This lack of outrage at “British-built” Saudi atrocities hints at a possible link between the Saudis and Little Atoms. I am, however, merely speculating.

Slippery critters.

UPDATE: I have been informed by the folk at Little Atoms that the latest print edition of the magazine has a piece on Yemen, by Iona Craig. I will read this if I can find it.

The Grift

Richard Cooke wrote an interesting piece a few months ago on the seeming incoherence of the Australian Right. Here is a segment describing Pauline Hanson’s lack of policy development:


Hanson’s crackpot plan for a 2% flat tax was called Easytax, and brought One Nation to the brink of collapse the first time it was mentioned in a press conference. She was unable to answer basic questions about it, had not costed it, and had no idea how it would work.

There has been no sign of workshopping over the decades. The policy is almost exactly the same, and by one current estimate would punch a $230 billion hole in the budget. Her plan to abolish the Family Court and replace it with “Family Tribunals” fronted by mums and priests instead of lawyers is back as well, with even less detail. Her time in the wilderness seems to have taught her nothing at all.

There is a definite reason for this: Pauline Hanson is not a politician.

To clarify: Yes, Hanson holds political office, but that is not the raison d’etre of One Nation. Hanson is only involved in politics to make money.

This is not an isolated case. Donald Trump seems to have waged a presidential campaign to boost his business empire, but Hillary Clinton’s gross incompetence landed him with the poisoned chalice of victory.

The Trump era has brought out a whole cavalcade of deadbeats and losers into the public arena. One of these deadbeat losers is former Federal Opposition Leader, Mark Latham.

After a decade haunting the pubTABs and Hungry Jack’s of western Sydney, Latham has re-emerged, re-branding himself from failed politician to larrikin “outsider,” bravely challenging the diktats of Political Correctness issued by militant gays, raving loony feminists, and other Cultural Marxists.

Latham and Hanson are identical not only in their faux common (wo)man posturing, but their total lack of any lasting policy achievement. For all their hot air, they are doomed to obscurity, with nothing to show for decades of bombast.

Quite appropriate, for two people with no interest in politics.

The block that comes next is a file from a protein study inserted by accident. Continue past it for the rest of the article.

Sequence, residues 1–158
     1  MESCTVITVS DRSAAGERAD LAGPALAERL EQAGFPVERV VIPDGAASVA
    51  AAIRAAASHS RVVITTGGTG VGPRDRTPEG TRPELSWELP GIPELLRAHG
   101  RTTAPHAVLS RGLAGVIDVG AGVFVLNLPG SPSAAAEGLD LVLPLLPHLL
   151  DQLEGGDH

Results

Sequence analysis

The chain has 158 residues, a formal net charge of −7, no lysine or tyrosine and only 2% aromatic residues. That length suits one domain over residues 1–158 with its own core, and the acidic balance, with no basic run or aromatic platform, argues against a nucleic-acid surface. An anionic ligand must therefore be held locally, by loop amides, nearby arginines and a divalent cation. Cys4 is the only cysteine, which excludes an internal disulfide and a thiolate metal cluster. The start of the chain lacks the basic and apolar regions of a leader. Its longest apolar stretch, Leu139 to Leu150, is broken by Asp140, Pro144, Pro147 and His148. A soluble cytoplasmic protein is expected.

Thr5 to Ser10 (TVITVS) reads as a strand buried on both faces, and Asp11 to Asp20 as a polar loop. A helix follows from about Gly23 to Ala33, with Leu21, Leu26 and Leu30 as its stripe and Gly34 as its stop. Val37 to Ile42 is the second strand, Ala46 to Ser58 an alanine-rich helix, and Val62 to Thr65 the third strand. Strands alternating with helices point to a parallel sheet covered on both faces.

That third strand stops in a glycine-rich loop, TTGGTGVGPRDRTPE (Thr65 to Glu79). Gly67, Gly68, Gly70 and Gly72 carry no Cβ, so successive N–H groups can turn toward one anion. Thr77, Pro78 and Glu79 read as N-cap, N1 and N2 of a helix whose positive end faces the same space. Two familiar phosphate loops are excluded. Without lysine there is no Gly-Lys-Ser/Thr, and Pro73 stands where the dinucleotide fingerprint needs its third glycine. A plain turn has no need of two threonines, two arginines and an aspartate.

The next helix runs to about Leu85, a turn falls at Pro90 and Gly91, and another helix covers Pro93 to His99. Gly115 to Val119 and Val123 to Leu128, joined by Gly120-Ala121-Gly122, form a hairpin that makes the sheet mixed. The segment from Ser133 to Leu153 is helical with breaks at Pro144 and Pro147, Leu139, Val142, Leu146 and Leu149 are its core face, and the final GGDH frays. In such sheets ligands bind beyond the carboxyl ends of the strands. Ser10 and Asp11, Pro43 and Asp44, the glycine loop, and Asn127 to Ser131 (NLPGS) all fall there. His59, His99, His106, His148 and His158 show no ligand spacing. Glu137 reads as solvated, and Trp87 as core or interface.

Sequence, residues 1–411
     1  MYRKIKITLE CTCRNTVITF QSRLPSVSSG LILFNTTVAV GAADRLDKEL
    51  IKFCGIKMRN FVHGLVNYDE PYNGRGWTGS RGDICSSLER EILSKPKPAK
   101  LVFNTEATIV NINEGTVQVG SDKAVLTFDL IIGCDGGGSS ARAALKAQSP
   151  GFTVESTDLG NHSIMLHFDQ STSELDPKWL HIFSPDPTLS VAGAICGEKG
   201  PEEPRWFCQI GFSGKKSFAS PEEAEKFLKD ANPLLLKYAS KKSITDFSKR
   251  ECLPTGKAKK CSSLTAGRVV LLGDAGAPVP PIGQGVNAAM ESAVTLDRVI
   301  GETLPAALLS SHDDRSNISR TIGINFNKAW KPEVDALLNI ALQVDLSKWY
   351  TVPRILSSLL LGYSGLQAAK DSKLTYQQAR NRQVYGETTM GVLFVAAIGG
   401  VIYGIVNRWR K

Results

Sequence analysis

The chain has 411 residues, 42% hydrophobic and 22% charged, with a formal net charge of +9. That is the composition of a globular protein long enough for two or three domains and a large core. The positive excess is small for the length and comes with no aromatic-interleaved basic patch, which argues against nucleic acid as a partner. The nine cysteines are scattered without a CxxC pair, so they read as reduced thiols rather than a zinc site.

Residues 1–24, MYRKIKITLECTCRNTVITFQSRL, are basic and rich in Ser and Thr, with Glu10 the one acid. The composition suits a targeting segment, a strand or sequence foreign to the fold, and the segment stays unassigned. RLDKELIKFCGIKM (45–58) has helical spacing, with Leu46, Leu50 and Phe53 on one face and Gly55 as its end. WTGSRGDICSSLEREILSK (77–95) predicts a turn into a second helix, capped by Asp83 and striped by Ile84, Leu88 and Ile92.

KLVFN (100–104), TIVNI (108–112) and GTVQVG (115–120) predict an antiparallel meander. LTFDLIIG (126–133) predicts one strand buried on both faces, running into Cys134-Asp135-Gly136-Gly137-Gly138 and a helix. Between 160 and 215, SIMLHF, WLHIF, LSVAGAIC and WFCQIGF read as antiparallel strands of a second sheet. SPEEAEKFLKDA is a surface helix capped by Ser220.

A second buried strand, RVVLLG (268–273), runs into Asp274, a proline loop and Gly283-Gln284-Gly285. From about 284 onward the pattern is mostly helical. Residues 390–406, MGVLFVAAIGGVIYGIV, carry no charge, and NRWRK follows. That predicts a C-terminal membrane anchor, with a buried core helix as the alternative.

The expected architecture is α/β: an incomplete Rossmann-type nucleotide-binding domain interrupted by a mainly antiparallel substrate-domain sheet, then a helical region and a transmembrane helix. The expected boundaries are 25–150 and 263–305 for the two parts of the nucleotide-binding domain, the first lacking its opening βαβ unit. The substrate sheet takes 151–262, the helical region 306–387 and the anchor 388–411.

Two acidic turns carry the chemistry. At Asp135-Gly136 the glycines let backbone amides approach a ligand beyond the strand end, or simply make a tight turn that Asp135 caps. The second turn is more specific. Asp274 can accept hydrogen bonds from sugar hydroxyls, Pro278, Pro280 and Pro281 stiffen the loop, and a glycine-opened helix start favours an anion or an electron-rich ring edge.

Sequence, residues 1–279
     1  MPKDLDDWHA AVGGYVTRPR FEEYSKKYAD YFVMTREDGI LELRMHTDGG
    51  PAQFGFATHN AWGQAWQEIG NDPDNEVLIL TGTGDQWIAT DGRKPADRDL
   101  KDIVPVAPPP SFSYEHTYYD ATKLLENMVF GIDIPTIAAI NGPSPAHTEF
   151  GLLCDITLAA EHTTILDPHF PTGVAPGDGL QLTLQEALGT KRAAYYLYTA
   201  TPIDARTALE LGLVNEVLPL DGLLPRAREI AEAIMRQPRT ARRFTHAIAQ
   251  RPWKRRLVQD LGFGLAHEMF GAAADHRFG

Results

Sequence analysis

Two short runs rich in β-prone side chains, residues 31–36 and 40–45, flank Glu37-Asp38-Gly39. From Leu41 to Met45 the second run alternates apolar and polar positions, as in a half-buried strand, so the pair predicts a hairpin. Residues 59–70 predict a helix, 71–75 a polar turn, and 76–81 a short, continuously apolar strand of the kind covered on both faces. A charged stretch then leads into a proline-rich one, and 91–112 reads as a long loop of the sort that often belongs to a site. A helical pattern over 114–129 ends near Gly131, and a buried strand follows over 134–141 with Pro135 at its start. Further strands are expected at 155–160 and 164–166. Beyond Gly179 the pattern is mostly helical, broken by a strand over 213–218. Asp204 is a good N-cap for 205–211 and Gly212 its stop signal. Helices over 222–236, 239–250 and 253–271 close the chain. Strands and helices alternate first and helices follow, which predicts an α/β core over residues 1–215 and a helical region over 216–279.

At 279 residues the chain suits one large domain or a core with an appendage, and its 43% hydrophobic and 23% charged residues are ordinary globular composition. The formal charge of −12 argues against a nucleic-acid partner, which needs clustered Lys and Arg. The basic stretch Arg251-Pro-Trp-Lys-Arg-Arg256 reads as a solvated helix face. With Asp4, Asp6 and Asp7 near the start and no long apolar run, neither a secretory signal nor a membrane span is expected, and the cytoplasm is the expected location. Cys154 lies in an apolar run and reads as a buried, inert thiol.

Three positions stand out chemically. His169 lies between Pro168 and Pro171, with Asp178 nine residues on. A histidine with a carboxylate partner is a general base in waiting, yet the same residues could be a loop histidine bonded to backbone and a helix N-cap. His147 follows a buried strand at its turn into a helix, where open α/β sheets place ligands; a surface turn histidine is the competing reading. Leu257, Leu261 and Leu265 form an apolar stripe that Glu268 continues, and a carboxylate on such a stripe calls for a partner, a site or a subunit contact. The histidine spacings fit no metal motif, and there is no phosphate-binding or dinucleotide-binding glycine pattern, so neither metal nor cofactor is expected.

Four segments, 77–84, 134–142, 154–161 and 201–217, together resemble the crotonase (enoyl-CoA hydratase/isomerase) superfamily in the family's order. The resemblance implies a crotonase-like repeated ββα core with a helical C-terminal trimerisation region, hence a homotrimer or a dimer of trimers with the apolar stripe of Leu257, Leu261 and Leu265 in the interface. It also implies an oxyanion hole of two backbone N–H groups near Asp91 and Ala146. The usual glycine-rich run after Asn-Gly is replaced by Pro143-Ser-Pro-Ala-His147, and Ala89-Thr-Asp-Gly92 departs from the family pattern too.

[Featured Image via]



Is Corey Robin A Bigot?

I have mentioned Professor Corey Robin several times on this blog. I noted that Robin is an adherent of Conservative Judaism; what I failed to note is that this sect maintains a strict ban on marriages between Jews and Gentiles.

If you read Professor Robin’s work, you will find it full of humanistic and egalitarian sentiments; but in his private life, the good professor feels it beneath him to marry outside of his divinely-selected Chosen People.

What are we to make of this contradiction? It seems that Professor Robin lacks Authenticity. Thus we are not sure which is the real Corey Robin: the socialist, progressive Corey Robin; or the Jewish tribal supremacist Corey Robin.

In fairness, it must be said, Robin could have turned out much worse — he is no Avigdor Lieberman. Perhaps, one day, Professor Robin can throw off the shackles of his ghetto mentality.

Nassim Nicholas Taleb: Idiot, Yet Not Intellectual

This is a guest post by one of my internet pals, “Joe from Denver”

It was with great surprise that I discovered that I would be quoted on the back of Nassim Nicholas Taleb’s forthcoming book. Firstly, because I have no intention of purchasing this book; secondly, because even if I did happen to read it, I would not want my name to be publicly associated with it.

I don’t want anyone reading this to think I am dismissing Mr. Taleb’s work out of hand (I have read The Black Swan, and many of his articles); I hope, also, that readers are not of the belief that I am criticizing Taleb because he is better-known or wealthier than I am.

That said, it seems Mr. Taleb overestimates his intellectual ability. Though he may think otherwise, it’s hard to believe that anyone will be reading his works in one-hundred years, or even fifty, except as an exercise in curiosity.

For instance, Taleb’s tendency toward gimmicky catchphrases is so often the hallmark of a charlatan: instead of using conventional descriptors such as “strong,” or “durable,” Taleb creates the concept of Antifragile, which Taleb claims to be a novel concept. To justify this, Taleb unleashes a barrage of technical terms to bamboozle the uninitiated — but those of us familiar with phoneys are harder to fool.

I won’t dwell any longer on Nassim Nicholas Taleb, except to say that I hope these words find their way onto the back cover of Taleb’s next book.


On a Sydney beach in 1984, a fat little boy was playing with a plastic bucket and spade, when the sea encroached, taking the bucket and spade with it as it retreated.

The little boy was distraught.

Luckily for him, there was a much fitter individual — a lanky girl from Japan — in the vicinity of this occurrence. The Japanese girl dived into the ocean, and retrieved the bucket and spade before the ocean took possession; she returned the objects to the fat little boy, who had to be goaded by his mother to thank the lanky girl for her actions.

That little boy was me.

I wasn’t exactly forthcoming with gratitude that day (perhaps, as I was from “the bush,” and had never laid eyes on a Japanese person before, I was taken aback by her appearance), which remains something of an embarrassment, despite the relatively trivial nature of the incident. This post is to rectify that.

So, to the girl who saved my bucket and spade, wherever you are, I say again: